2 Matching Results

Search Results

Computational Studies of Coordinatively Unsaturated Transition Metal Complexes

Description: In this research the validity of various computational techniques has been determined and applied the appropriate techniques to investigate and propose a good catalytic system for C-H bond activation and functionalization. Methane being least reactive and major component of natural gas, its activation and conversion to functionalized products is of great scientific and economic interest in pure and applied chemistry. Thus C-H activation followed by C-C/C-X functionalization became crux of the synthesis. DFT (density functional theory) methods are well suited to determine the thermodynamic as well as kinetic factors of a reaction. The obtained results are helpful to industrial catalysis and experimental chemistry with additional information: since C-X (X = halogens) bond cleavage is important in many metal catalyzed organic syntheses, the results obtained in this research helps in determining the selectivity (kinetic or thermodynamic) advantage. When C-P bond activation is considered, results from chapter 3 indicated that C-X activation barrier is lower than C-H activation barrier. The results obtained from DFT calculations not only gave a good support to the experimental results and verified the experimentally demonstrated Ni-atom transfer mechanism from Ni=E (E = CH2, NH, PH) activating complex to ethylene to form three-membered ring products but also validated the application of late transition metal complexes in respective process. Results obtained supported the argument that increase in metal coordination and electronic spin state increases catalytic activity of FeIII-imido complexes. These results not only encouraged the fact that DFT and multi-layer ONIOM methods are good to determine geometry and thermodynamics of meta-stable chemical complexes, but also gave a great support to spectroscopic calculations like NMR and Mossbauer calculations.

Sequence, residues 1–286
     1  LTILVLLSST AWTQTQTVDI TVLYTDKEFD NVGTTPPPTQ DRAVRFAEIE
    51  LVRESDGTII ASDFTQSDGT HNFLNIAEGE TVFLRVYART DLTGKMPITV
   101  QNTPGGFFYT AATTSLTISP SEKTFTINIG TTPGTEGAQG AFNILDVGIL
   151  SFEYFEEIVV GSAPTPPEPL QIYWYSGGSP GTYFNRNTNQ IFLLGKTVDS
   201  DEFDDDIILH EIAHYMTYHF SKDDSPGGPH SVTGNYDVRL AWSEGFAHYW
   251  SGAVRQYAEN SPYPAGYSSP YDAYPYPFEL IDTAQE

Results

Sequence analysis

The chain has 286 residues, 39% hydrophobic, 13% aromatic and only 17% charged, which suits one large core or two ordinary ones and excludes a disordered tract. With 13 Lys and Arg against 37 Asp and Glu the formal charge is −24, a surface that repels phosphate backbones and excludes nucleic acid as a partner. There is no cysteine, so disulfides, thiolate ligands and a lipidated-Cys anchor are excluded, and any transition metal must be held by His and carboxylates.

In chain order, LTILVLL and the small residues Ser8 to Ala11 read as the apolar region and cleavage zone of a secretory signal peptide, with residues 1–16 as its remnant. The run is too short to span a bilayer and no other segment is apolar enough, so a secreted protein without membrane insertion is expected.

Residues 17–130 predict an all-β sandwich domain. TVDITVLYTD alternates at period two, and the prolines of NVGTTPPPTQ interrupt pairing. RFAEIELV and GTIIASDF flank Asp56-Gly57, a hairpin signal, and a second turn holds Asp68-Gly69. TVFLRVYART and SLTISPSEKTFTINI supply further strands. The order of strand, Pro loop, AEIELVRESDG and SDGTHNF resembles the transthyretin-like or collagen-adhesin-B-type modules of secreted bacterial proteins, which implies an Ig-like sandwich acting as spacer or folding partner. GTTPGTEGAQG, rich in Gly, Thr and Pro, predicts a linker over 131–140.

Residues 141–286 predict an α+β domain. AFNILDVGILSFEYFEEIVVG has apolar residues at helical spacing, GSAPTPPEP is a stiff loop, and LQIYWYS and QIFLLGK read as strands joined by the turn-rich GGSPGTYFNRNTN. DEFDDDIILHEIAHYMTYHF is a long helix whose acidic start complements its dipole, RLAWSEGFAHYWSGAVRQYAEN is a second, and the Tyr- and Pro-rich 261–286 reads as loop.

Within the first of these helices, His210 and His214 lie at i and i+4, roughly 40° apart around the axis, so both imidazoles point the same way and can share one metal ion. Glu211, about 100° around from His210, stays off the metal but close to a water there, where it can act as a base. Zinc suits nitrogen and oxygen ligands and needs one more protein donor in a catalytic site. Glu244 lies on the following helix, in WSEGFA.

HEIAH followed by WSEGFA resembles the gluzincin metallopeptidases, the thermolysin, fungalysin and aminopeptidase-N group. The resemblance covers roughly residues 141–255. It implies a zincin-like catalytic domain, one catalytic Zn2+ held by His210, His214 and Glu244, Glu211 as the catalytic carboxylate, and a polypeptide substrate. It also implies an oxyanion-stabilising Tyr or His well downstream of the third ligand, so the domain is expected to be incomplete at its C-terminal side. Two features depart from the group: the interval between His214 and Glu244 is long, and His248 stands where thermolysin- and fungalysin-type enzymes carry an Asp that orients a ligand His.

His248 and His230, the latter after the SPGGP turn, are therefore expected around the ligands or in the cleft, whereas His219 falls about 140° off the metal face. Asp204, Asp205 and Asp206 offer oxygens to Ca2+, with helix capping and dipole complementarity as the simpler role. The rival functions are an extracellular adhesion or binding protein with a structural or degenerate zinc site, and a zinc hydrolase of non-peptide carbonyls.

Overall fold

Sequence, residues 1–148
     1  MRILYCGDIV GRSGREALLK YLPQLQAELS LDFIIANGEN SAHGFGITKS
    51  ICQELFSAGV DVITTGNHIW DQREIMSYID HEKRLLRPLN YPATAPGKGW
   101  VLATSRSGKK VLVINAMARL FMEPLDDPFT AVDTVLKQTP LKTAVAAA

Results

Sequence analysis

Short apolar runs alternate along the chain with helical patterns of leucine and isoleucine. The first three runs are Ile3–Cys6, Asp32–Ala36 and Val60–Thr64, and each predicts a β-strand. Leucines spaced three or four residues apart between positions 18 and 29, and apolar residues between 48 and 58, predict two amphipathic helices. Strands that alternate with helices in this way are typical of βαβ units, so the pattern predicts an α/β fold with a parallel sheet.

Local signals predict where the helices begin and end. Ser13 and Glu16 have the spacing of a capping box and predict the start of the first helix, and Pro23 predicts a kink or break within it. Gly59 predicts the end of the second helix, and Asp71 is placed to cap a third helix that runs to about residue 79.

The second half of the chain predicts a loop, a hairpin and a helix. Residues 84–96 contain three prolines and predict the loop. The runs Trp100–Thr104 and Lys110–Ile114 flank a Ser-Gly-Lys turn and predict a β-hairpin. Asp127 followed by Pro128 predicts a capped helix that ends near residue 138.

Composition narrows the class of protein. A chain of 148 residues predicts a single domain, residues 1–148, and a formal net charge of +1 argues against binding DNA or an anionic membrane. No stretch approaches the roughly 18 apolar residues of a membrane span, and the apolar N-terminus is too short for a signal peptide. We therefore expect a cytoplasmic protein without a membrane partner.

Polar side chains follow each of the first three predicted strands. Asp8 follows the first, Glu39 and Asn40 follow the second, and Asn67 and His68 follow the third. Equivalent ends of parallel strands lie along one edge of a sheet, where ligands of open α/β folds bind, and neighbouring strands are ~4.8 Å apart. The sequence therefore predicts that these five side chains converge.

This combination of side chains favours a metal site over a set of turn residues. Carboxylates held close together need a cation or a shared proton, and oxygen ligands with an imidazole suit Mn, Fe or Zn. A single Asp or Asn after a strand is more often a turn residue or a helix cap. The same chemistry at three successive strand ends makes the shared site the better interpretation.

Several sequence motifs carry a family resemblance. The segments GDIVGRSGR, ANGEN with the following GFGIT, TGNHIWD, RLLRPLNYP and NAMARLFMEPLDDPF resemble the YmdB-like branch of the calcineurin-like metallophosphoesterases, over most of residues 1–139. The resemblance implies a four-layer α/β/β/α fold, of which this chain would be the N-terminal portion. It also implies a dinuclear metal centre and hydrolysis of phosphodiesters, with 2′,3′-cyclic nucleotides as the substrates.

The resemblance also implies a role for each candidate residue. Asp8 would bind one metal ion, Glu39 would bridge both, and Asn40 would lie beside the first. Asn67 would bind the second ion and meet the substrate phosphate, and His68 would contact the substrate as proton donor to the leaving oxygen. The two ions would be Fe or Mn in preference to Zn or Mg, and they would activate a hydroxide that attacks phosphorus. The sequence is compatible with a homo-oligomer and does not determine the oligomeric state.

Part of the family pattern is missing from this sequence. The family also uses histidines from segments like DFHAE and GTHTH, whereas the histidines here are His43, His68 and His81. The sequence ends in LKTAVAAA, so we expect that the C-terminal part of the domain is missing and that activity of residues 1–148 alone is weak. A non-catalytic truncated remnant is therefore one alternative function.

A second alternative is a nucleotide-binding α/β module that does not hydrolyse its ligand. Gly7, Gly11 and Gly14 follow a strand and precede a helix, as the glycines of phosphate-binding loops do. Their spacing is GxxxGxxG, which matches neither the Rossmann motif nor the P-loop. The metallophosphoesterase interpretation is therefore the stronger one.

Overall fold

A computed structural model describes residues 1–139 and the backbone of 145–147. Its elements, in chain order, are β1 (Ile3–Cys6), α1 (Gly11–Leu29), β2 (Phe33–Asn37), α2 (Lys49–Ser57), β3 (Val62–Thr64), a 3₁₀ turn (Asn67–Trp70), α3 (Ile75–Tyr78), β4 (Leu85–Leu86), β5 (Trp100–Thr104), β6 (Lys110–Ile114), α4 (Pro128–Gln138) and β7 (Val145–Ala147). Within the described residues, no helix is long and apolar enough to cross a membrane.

Date: December 2006
Creator: Vaddadi, Sridhar
Partner: UNT Libraries

Photophysical studies of silver(I), platinum(II), palladium(II), and nickel(II) complexes and their use in electronic devices.

Description: This dissertation deals with two major topics that involve spectroscopic studies of (a) divalent group 10 metals and (b) silver(I)-phosphine complexes. The scope of the work involved the delineation of the electronic structure of these complexes in different environments and their use in electronic devices. The first topic is a look at the luminescence of tetrahedral silver(I)-phosphine complexes. Broad unstructured emissions with large Stokes shifts were found for these complexes. Computational analysis of the singlet and triplet state geometries suggests that this emission is due to a Jahn-Teller type distortion. The second topic represents the major thrust of this research, which is an investigation into the electronic structure of M(diimine)X2 (M= Pt(II), Pd(II), or Ni(II); X = dichloro, or dithiolate ligands) complexes and their interactions with an electron acceptor or Lewis acid. Chapter 3 assesses the use of some of these complexes in dye sensitized solar cells (DSSCs); it is shown that these complexes may lead to a viable alternative to the more expensive ruthenium-based dyes that are being implemented now. Chapter 4 is an investigation into donor/acceptor pairs involving this class of complexes, which serves as a feasibility test for the use of these complexes in organic photo-voltaics (OPVs) and thin-film field-effect transistors (OTFTs). The mixing of a donor Pt molecule with an electron deficient nitrofluorenone gives rise to new absorption bands in the NIR region. Computational studies of one of the solids suggest that these complexes may have metallic behavior. Chapter 5 demonstrates association in solution, previously unobserved, for Pt(diimine)Cl2 complexes. This chapter is an investigation into the effects of the association mode for this class of complexes on the absorption and emission properties. One of the complexes was used as the emitter in organic light emitting diodes (OLEDs). The results of this study show that these complexes ...
Date: December 2007
Creator: Hudson, Joshua M.
Partner: UNT Libraries